Soft coverings (soft roof)
- Grass sods , green roofs
- Thatch or straw ( thatched roof )
- Wooden boards, shingles
- A modern roof skin is one made of highly tear-resistant foils ( tensile membrane structure )
Other, partly historical roof coverings that are no longer used in construction today:
In the case of organic materials, all cultures have resorted to local occurrences:
- Bamboo (split pipe, offset like monk and nun ) is still common today in all of East Asia
- Seagrass is only on the world's Kattegat -Insel Læsø used
- Birch bark and logs or trunk sections in Dalarna , Sweden
Waterproofing with birch bark ( Moragården )
Double, triple and quadruple coverage
Simple roofing is no longer common, it can be done with minimal use of material, but requires additional sealing measures with split ends (thin wooden shingles) or sealing sheeting. This sealing is achieved today by multiple covering.
Depending on how many cover elements (stones, shingles, slabs, etc.) there are in the area between the upper edge of one and the flush lower edge of another set, one speaks of double, triple and quadruple covering. Counting is from bottom to top, since the deck elements have to be laid that way. In order to compensate for the inclination of the deck elements, which differs from the roof inclination, a compensation element must be inserted at the eaves (half or two-thirds wide stones, thickened battens, underlays and the like).
The advantage of a triple-covered roof over a double one is that one group completely covers the next but one. Therefore, the roof is still tight even if a shingle breaks. This occurs comparatively often, depending on the material, for example with wood shingles : the shingle splits due to tension along the wood fiber at the nail point. Both parts are still fully functional, but with double coverage, water could seep in at this point. For this reason, with triple-covered wooden shingle roofs, the offset is often so that the nail points never lie exactly over the shingle joints, which is easy with the mostly variable widths and the free choice of nail location for this material. The advantage also applies to other roofing materials; overall, the multiple covering compensates for material defects, such as occur with natural materials, as well as age-related wear. With modern coverings, with their much more uniform quality, it plays a lesser role.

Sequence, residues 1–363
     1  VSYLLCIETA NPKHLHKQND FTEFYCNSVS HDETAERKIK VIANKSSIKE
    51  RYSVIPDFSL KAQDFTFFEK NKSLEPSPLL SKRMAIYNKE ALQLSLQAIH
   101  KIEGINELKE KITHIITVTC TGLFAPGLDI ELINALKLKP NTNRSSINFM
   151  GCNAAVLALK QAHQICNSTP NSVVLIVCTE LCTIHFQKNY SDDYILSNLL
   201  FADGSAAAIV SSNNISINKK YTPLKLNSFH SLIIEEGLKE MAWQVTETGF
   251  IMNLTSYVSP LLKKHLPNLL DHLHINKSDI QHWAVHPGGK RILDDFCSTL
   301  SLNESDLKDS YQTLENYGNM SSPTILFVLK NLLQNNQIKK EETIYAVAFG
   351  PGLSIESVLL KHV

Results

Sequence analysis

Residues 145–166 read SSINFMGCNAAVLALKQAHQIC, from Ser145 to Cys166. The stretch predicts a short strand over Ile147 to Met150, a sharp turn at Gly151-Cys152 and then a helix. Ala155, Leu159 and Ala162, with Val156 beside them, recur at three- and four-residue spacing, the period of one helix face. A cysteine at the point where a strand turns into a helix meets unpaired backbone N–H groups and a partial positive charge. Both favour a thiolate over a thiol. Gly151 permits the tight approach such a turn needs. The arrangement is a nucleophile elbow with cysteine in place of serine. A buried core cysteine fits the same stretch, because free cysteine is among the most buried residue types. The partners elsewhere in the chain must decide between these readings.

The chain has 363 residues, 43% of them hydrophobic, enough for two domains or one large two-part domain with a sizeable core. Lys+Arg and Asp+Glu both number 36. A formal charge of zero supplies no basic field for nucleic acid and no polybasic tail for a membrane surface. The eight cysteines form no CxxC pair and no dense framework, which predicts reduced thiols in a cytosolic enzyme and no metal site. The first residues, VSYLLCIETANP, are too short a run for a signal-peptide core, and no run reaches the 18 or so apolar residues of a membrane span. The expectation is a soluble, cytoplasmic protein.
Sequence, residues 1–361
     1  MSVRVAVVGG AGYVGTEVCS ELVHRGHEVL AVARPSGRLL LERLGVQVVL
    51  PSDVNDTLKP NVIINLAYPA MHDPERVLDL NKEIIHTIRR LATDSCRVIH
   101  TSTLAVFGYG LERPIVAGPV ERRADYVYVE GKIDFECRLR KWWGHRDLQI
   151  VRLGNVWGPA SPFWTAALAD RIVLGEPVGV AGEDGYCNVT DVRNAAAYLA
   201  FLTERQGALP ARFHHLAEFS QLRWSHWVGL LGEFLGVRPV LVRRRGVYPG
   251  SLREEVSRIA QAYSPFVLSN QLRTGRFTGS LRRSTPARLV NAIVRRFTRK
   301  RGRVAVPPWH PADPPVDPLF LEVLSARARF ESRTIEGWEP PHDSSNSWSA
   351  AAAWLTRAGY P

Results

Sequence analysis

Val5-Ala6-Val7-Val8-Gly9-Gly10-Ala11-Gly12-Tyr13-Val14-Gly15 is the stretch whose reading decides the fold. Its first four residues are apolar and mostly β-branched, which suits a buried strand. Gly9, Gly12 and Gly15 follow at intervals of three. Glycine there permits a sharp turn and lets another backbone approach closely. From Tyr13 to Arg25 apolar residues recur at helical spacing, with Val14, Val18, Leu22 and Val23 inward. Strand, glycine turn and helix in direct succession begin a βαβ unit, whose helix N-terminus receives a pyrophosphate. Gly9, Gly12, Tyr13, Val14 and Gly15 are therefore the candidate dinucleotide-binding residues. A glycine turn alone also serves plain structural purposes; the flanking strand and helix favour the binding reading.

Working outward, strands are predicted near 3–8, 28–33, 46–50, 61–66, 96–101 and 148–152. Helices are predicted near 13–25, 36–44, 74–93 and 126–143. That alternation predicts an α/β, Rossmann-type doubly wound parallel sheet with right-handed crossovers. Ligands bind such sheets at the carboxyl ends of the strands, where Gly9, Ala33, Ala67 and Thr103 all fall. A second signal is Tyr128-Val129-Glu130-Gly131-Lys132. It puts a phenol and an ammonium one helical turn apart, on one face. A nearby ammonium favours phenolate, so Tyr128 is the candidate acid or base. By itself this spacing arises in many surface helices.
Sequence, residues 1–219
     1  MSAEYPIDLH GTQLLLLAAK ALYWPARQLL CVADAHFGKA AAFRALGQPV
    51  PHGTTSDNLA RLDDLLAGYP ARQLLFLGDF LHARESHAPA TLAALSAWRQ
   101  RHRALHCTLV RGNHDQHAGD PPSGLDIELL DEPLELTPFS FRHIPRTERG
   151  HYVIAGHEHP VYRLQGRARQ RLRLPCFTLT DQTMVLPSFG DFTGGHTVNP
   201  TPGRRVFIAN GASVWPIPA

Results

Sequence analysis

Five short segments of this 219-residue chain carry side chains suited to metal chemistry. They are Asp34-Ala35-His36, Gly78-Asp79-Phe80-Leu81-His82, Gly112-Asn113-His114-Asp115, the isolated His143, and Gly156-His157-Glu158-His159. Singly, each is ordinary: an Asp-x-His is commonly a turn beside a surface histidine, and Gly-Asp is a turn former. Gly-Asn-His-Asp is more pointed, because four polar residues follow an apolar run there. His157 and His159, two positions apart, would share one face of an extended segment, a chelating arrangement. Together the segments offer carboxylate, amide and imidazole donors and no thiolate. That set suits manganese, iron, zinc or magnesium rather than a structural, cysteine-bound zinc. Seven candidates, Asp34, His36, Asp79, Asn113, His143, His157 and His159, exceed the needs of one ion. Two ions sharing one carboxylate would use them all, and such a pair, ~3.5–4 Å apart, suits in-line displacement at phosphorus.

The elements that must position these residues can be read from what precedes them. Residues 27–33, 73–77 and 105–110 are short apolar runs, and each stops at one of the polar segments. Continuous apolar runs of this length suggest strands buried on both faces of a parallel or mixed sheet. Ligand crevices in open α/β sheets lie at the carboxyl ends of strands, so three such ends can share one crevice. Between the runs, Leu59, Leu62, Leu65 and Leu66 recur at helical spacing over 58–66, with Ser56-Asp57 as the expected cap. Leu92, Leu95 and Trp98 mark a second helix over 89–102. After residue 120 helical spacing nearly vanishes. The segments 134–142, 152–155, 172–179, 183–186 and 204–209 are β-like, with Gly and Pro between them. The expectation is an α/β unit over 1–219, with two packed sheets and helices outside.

Triple covering of nailed wooden shingles
The roof covering does not lie directly on the roof structure. Tiles and concrete roof tiles are hung on roof battens that are laid across the roof pitch and partially attached. Under this, with the exception of some simple secondary buildings (e.g. garages, warehouses), is the sub-roof .
Tin roofs, pure cardboard roofs or green roofs are laid on a roof boarding. Only corrugated sheets made of fiber cement , trapezoidal sheets or corrugated sheet metal can be laid on rafter purlins in a self-supporting manner.
- German roofing trade - set of rules